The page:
The Bookseller of Kabul
is a work of nonfiction written by Asne Seierstad, written in a literary style. The author lived with the family of a fairly successful merchant in the months immediately following the overthrow of the Taliban in Afghanistan. For four months in the spring of 2002 the author was squeezed into the small, decaying, soviet-area apartment along with eleven family members. There was almost no furniture – if I understand correctly the Prophet Muhammad had no furnishings.
That spring was a time of optimism in Afghanistan, although as yet there was nothing concrete to justify hopes that the country would once again be a peaceful and prosperous nation. The merchant, Sultan, no longer has to fear for his beloved books being burned (those with pictures were most at risk; the soldiers who came to remove contraband material from his shop were themselves illiterate), and he no longer needs fear being labeled ‘capitalist’ as he was during Soviet times. There is still the threat of violence, however, and the city has been ground into poverty by war and drought.
Things were bad under the Taliban, but in 2002 they weren’t much better. Especially for women.
As a woman the author was able to learn of the life of the women in the apartment they shared. Had the author been male, he never would not even have been able to look at the unmarried women of the house, let alone talk to them. Sultan, for all his political modernity (he is very pleased that there are women in the government), maintains an iron rule over his family. It is he who negotiates a price for his daughters, marrying them to husbands they have never met. His youngest daughter is suffering from Vitamin D deficiency because the sunshine never touches her skin – in one of the sunniest places on Earth. His sons work long hours in his shops, so they do not have a chance to go to school or study.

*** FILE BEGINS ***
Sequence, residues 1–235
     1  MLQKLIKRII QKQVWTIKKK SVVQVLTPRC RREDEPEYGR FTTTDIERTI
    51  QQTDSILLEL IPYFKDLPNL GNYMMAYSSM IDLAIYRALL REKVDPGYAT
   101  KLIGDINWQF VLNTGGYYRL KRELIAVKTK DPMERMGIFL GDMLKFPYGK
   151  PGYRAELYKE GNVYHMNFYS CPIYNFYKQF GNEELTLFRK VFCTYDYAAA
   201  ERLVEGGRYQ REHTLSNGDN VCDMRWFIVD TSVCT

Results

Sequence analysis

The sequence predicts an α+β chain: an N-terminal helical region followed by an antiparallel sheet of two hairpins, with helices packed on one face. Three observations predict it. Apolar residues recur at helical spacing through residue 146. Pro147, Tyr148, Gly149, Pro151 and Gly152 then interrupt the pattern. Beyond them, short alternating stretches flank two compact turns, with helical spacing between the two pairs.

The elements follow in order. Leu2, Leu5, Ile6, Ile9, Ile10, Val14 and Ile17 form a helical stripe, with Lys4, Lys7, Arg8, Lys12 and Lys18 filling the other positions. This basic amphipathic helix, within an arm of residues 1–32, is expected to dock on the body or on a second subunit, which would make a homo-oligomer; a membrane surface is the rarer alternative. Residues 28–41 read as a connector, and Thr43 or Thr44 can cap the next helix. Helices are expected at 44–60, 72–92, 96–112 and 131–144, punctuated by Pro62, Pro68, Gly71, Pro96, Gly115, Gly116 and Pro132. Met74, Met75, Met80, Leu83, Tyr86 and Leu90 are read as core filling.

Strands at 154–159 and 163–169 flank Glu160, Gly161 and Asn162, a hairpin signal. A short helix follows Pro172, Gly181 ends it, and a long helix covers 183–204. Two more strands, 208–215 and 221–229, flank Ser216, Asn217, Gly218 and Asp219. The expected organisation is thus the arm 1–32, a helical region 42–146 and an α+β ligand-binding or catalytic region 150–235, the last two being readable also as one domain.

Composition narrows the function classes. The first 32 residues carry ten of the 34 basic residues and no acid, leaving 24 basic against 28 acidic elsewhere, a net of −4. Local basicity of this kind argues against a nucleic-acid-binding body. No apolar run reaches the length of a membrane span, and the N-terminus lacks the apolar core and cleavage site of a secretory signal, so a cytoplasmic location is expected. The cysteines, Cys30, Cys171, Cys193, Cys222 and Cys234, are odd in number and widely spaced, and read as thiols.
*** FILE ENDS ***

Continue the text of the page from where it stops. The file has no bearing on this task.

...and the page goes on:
Perhaps there are two sorts of women in Sultan’s world – those who work and wear western clothes, and those who follow tradition. The first group is somehow asexual, their behavior not an issue because they will never be part of a traditional Afghan family. While he respects those women, he is never going to allow that to happen to any of his family.
It is to be remembered that Sultan is a relatively prosperous man, part of the power he holds over his extended family is because of his success. However, on issues like the traditional role of a woman, I suspect if anything he is more liberal than many of his neighbors. It is that way, because it has always been that way. (Although the burka, the all-concealing robe and head gear, was not as common in earlier times.)
Makes me glad to be who and where I am.
The book was a good read, entertaining as well as enlightening. I started slowly, but the prose steadily pulled me in, until I read the last third or so in a single sitting. I am curious how things are going there now, after at least relative calm in the city for a while. Is the family prospering? Has reliable electricity and running water been restored? Are more women daring to show their faces in public?
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